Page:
Yes, an earthquake and tsunami struck Fukushima and resulted in a meltdown at the Dai-ichi nuclear complex in Japan, but one new study is saying the quake could have caused damage to the safety systems before the flooding ever occurred.
If that claim ends up being true, then safety system designs will have to change throughout Japan and maybe the world.
The March 11, 2011 accident, which set off a wave of reactor safety investigations around the world, “cannot be regarded as a natural disaster,” the Fukushima Nuclear Accident Independent Investigation Commission’s chairman, Tokyo University professor emeritus Kiyoshi Kurokawa, wrote in a report released in Tokyo. It “could and should have been foreseen and prevented. And its effects could have been mitigated by a more effective human response.”
The failures involved regulators working with plant operator Tokyo Electric Power Co. (TEPCO) to avoid implementing safety measures as well as a government lacking commitment to protect the public, the report said.
The report dealt the harshest critique yet to TEPCO and the government. The findings couldn’t rule out the possibility the magnitude-9 earthquake damaged the Fukushima Dai-ichi No. 1 reactor and safety equipment before the ensuing tsunami swamped the facility. This is a departure from other reports that concluded the reactors withstood the earthquake, only to suffer damage when the ensuing tsunami slammed into the plant.
This finding may have implications for all Japan’s atomic plant operators if it leads to tougher earthquake-resistance standards. The operators reported combined losses of 1.6 trillion yen ($20 billion) in the year ended March owing to safety shutdowns of the country’s 50 reactors and higher fuel bills when they started up gas and oil-fired plants.
If the Fukushima reactor already suffered injury by the quake when the tsunami hit, it would force regulators to reconsider the seismic criteria that all Japan’s plants need to follow, said Najmedin Meshkati, a professor of civil engineering at the University of Southern California who has researched nuclear safety in Japan.
Two reactors run by Kansai Electric Power Co. won approval to restart this month, despite protests outside the prime minister’s office in Tokyo that drew as many as 20,000 people on June 29. A Mainichi newspaper poll on June 4 showed as many as 71 percent of Japanese opposed the restarts.
The report said the commission found evidence of “collusion” between TEPCO and regulator, the Nuclear and Industrial Safety Agency, to avoid implementing new safety regulations.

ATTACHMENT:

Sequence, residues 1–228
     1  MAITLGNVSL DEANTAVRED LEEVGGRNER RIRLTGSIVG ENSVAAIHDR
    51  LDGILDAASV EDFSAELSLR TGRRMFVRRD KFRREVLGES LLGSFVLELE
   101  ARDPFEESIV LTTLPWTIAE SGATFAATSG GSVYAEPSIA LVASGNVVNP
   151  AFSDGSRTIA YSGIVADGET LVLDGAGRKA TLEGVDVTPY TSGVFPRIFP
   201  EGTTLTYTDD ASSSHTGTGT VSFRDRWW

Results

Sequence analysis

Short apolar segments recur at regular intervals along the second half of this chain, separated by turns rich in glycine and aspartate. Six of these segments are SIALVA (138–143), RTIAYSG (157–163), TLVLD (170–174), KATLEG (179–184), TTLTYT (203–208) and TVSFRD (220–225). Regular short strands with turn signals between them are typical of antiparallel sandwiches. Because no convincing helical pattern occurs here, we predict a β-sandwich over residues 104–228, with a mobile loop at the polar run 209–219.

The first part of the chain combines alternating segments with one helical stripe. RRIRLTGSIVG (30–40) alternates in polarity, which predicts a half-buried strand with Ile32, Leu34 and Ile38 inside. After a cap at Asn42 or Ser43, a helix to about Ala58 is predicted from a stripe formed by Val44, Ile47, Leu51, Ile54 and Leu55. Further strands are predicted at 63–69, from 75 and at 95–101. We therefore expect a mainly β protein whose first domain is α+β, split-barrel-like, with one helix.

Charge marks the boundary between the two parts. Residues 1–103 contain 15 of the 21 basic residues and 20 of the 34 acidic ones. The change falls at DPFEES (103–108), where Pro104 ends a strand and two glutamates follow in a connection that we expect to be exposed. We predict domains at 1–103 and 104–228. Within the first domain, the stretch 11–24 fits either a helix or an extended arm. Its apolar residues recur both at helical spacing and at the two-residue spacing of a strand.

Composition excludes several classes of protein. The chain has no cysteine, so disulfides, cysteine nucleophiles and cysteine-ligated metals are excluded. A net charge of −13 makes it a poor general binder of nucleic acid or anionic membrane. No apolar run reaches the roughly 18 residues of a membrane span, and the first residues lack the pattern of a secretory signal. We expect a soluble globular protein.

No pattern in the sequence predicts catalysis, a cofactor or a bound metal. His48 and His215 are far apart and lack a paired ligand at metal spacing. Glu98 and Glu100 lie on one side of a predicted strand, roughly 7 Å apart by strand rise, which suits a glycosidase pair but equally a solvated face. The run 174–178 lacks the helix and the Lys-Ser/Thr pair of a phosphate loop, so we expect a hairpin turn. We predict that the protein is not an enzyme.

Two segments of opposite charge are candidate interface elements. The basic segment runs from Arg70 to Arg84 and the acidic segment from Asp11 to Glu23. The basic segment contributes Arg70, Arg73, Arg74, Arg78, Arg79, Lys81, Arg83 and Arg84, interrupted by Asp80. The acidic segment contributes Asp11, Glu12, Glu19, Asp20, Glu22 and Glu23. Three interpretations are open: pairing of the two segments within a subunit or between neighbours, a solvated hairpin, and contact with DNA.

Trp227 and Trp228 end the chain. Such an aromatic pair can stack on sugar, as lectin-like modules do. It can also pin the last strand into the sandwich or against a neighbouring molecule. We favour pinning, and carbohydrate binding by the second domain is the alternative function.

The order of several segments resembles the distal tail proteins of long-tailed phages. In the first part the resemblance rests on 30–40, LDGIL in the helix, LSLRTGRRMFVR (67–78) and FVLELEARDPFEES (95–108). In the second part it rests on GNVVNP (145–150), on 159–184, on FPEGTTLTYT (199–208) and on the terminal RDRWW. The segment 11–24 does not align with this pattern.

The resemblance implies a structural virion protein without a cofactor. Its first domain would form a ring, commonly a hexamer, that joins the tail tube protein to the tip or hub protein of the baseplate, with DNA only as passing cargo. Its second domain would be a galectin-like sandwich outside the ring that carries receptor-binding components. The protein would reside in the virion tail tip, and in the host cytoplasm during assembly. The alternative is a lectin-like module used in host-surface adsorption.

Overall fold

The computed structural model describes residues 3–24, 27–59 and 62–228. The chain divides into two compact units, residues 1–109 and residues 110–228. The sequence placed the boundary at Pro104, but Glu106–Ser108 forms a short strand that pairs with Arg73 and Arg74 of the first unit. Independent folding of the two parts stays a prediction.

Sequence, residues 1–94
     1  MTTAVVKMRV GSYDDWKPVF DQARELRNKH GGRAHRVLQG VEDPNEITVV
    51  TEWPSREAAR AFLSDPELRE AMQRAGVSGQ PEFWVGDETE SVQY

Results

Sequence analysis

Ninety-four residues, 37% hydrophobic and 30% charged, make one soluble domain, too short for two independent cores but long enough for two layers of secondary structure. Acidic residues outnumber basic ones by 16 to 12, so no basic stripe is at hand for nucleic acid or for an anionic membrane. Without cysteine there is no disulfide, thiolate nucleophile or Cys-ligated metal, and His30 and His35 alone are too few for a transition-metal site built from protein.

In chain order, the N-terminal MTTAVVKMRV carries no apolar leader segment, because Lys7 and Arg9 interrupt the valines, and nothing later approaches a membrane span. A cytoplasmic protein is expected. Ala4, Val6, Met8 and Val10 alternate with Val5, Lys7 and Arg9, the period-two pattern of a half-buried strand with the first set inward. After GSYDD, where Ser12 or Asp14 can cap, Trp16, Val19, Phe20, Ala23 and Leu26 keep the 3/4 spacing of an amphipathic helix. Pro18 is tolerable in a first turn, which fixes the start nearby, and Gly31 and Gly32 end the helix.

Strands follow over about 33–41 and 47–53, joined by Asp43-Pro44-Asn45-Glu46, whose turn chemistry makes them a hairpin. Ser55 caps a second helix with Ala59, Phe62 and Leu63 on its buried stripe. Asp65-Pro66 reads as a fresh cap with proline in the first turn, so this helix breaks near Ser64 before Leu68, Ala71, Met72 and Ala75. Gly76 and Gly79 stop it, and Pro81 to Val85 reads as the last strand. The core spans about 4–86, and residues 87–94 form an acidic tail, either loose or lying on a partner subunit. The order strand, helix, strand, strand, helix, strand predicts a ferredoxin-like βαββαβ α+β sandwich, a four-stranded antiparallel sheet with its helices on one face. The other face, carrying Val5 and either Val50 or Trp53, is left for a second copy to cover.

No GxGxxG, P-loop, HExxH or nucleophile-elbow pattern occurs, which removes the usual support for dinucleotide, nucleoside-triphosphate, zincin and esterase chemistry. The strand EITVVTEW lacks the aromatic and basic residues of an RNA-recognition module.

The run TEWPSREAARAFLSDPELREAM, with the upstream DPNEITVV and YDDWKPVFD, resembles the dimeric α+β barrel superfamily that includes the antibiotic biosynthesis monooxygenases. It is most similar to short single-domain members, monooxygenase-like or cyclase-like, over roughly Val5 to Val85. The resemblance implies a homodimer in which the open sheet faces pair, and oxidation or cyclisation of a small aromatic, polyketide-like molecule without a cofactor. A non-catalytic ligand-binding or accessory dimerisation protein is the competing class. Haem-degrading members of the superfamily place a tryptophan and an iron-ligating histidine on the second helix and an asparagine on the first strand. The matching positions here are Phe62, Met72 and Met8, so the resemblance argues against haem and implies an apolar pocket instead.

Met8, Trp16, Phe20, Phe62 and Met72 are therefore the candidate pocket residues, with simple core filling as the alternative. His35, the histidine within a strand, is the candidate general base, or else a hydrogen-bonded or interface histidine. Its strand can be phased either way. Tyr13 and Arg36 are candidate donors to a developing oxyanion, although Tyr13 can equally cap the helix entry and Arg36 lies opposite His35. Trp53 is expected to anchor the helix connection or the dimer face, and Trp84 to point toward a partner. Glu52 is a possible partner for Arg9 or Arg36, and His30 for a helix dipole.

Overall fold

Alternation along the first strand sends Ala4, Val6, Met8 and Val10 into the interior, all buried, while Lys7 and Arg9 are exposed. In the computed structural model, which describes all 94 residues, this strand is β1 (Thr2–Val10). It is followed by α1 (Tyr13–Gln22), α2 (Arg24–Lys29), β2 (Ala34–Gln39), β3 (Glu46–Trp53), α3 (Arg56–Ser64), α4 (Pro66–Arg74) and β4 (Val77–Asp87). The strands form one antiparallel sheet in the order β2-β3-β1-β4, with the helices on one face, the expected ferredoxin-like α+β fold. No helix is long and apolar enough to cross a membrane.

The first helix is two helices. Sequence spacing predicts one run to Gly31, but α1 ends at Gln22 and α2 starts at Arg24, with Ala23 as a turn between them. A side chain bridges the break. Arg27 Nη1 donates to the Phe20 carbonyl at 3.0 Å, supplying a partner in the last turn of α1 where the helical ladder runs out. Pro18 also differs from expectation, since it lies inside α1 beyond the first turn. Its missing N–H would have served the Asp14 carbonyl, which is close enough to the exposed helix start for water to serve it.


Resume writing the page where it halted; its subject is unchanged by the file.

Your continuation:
TEPCO also exploited its cozy relationship with regulators to take the teeth out of regulations. “Across the board, the Commission found ignorance and arrogance unforgivable for anyone or any organization that deals with nuclear power,” the report said.
The six-month independent investigation, the first of its kind with wide-ranging subpoena powers in Japan’s constitutional history, held public hearings with former Prime Minister Naoto Kan and Tokyo Electric’s ex-President Masataka Shimizu, who gave conflicting accounts of the disaster response.
Three other investigations led by the government, the utility and a private foundation said in earlier reports they found no evidence of major damage to reactor buildings and equipment at the Fukushima Dai-ichi nuclear station from last year’s quake. They concluded the plant suffered from the 13-meter (43 foot) tsunami that followed the quake, knocking out backup power generation and causing the meltdown of three reactors.
Radiation fallout from the reactors forced the evacuation of about 160,000 people and left land in the area uninhabitable for decades.
Mutsuhito Tanaka, a former nuclear equipment engineer at a unit of Hitachi Ltd. and a member of the commission, and Hiroaki Koide, an assistant professor at Kyoto University’s Research Reactor Institute, are among those who have said the quake may have caused more damage to the Fukushima plant than so far reported.
The commission’s report said government mismanagement made the Fukushima situation worse. TEPCO can’t use the government as a scapegoat as its own information disclosure through the disaster was lacking, the report said.